I have heard about Spanish SF/Fantasy/Alt-History writer Javier Negrete for a couple of years now. I have heard about how effortlessly he switches between various subgenres, how well-plotted his stories are, not to mention the depths of his characters and the manner in which his prose flows. However, I resisted importing any of this multiple UPC and Premio Ignotus winner until this month because of the high costs associated with ordering from Spain. If his La luna quieta novella and La espada de fuego novel are at or even above the level of the award-winning 2001 novella Buscador de sombras, then Negrete might have to move toward the head of the line for non-English language authors whose works need to be translated as soon as possible.
I don't have the time/energy for even a quick review, so I'll just provide a book description, first in Spanish and then in English:
Buscador de sombras consolidó a Javier Negrete nueve años después como un autor de referencia en el panorama de la literatura fantástica española.
En esta novela corta, ambientada en un futuro cercano, la humanidad está condenada a no soñar debido al síndrome de Pisan que provoca la muerte lenta de todos aquellos que entran en fase de REM. Un científico español se encuentra en el corredor de la muerte de un cárcel norteamericana por haber subministrado una inyección letal a una mujer.
Hunter of Shadows (or Shadow Hunter might be even more appropriate) strengthened Javier Negrete nine years later (after La luna quieta/The Quiet Moon) as an author of note in the panorama of Spanish literary fantasy.However, this brief description does not describe the twists in the plot or the thematic elements present in Negrete's story of this apparently deranged Spanish scientist and his search for "dark matter" and the horrific discoveries that follow. Told in both "present" and retrospect PoVs, Buscador de sombras is one of the better-written SF tales that I've read in some time. Clocking in at around 160 large font MMPB pages, it is a story that others would have been tempted to expand into a full novel, but thankfully for the story's cohesion, Negrete resisted the temptation, as the pacing and plot developments are excellent. I cannot help but to think that if translated and published in English that Negrete's SF would find a healthy readership. Perhaps in the near future, as more of his work is translated into other European languages (currently only in Spanish and French, I believe).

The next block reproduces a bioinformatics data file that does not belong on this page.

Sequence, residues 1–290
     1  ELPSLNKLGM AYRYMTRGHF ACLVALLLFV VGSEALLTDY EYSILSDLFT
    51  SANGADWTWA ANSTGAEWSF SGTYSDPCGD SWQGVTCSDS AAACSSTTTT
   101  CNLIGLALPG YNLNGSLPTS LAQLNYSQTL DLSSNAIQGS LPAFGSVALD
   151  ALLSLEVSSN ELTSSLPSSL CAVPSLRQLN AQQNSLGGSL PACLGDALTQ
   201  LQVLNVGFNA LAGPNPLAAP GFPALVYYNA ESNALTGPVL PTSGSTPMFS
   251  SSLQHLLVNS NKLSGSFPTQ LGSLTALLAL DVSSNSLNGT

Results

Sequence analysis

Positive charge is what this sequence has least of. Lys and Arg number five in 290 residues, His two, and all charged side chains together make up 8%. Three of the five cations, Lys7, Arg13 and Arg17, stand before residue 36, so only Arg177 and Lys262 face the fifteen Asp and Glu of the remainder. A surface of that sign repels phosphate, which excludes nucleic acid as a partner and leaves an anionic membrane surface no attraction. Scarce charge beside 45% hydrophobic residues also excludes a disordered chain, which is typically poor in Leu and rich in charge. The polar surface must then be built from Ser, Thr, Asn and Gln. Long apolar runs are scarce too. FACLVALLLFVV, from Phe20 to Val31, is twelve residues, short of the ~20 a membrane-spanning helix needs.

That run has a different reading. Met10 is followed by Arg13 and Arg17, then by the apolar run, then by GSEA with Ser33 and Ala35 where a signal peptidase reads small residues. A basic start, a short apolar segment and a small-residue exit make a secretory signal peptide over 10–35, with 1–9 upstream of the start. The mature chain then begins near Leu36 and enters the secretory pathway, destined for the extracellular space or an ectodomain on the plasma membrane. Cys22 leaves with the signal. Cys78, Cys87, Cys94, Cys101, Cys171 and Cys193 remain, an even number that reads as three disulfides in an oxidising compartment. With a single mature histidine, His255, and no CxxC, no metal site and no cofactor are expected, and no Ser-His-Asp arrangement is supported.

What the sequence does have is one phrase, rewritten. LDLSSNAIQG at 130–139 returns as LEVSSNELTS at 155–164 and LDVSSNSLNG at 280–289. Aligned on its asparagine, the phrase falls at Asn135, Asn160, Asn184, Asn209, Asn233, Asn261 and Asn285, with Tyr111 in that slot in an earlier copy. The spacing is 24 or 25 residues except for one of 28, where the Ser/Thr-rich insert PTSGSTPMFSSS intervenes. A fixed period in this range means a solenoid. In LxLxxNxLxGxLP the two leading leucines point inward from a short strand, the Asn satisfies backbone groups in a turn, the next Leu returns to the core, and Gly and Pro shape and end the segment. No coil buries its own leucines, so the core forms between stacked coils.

In this short novel (novella), set in a near future, humanity is condemned not to dream due to Pisan's Syndrome which provokes slow death of all those which enter REM sleep. A Spanish scientist finds himself on Death Row in an American prison for having ministered a lethal injection to his wife.